Funeral Home History
There are a lot of funeral homes in Newark, NJ, but where did they all come from?
No one hears about funeral homes in history class, but funeral home history is actually quite interesting!
It All Starts With Embalming
Back in the day, before the mid 1800s, people didn’t go that far from home. So when they died, their bodies were displayed in the family home’s front room, or parlor, until it was time for burial. Since there wasn’t any delay from death to display to burial, the bodies didn’t need any sort of preservation. In fact, this tradition of hosting funerals in the home’s parlor is where the term “funeral parlor comes from.”
President Lincoln was killed in 1865. Due to his nearly nationwide popularity, heads of state decided to bring his body on a nationwide funeral procession. Since this trip took several weeks, his body had to be embalmed to slow decomposition.
People all around the U.S. thought, “If embalming is good enough for Lincoln, then it’s good enough for us!” and embalming became more widespread.
Funeral Homes as a Business
With embalming popularity growing, people were given the opportunity to expand their funeral traditions outside the home. Bodies were more easily transported and displayed, so funerals could be held later after death, allowing for more people to attend. Since more people attended, it was easier to host the service in a neutral place.
The Bucktrout family in Virginia witnessed a growing need for places to host funerals, and rose to the occasion. Originally coffin and cabinet manufacturers, this family expanded their business to include funeral home services, just like those we have today. The Bucktrout family opened America’s first modern funeral home.
Funeral homes were labeled as such because undertakers, or funeral directors as we now call them, usually operated their business out of their home. Family owned and operated funeral homes were pretty much the only option, but the market continued to grow and the businesses needed to expand.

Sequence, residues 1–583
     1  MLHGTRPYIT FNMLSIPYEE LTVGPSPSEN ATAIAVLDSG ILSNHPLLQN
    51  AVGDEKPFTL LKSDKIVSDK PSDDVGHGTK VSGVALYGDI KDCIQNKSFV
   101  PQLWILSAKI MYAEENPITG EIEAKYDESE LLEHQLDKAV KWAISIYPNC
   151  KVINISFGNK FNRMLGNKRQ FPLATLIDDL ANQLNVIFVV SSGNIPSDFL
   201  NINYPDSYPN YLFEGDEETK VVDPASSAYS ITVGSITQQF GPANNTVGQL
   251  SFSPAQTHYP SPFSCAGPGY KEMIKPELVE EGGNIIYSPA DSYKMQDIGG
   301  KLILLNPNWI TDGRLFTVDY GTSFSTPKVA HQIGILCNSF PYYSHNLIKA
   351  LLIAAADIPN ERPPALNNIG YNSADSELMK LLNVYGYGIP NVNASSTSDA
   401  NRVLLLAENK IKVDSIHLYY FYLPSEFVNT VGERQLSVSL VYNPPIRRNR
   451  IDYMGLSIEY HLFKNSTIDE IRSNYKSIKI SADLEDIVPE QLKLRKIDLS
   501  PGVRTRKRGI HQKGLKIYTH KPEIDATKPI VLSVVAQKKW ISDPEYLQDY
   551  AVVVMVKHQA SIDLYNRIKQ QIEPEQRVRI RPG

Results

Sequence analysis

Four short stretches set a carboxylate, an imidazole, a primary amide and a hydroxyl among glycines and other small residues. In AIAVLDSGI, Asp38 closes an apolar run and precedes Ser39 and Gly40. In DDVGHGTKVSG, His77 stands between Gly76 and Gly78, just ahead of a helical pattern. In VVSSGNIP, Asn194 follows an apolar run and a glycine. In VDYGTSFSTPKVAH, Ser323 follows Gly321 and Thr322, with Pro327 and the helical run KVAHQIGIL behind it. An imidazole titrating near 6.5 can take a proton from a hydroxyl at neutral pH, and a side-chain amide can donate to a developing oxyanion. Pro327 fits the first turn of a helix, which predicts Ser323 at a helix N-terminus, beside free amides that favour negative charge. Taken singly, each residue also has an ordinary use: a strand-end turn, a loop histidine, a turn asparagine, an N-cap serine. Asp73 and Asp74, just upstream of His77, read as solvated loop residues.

Official Funeral Homes
The 1900s saw even more growth in the funeral home business. This large expansion called for formal training for funeral directors in order to streamline the business model and help the businesses grow by changing the conversation. The National Funeral Directors Association was formed in the early 1900s to help consumers view the members as professionals.
Coffin makers, florists, life insurance agencies and other connected fields also blossomed, helping funeral homes become what they are today. By 1920, there were around 24,469 funeral homes in the United States, showing a 100% growth in less than 80 years.
Diversity In Death
Like many other United States institutions, funeral homes grew out of Christian roots. Immigration laws began to relax in the 1960s, and other cultures slowly became more accepted. This influx of new beliefs created a market for funerals, and once again funeral homes stepped up. They began offering services for other ethnic and religious groups from Vietnamese and Eastern European to Buddhism and Hinduism.
Plinton Curry Funeral Home Continues the Tradition
Plinton Curry Funeral Home continues the funeral home tradition by serving the Newark, NJ area from 411 West Broad St, Westfield NJ 07090 and 428 Elizabeth Ave, Somerset NJ 08873. You can reach us at 908-232-6869 or 732-469-3300. Please feel free to call or visit with any questions; we are happy to serve you and your family.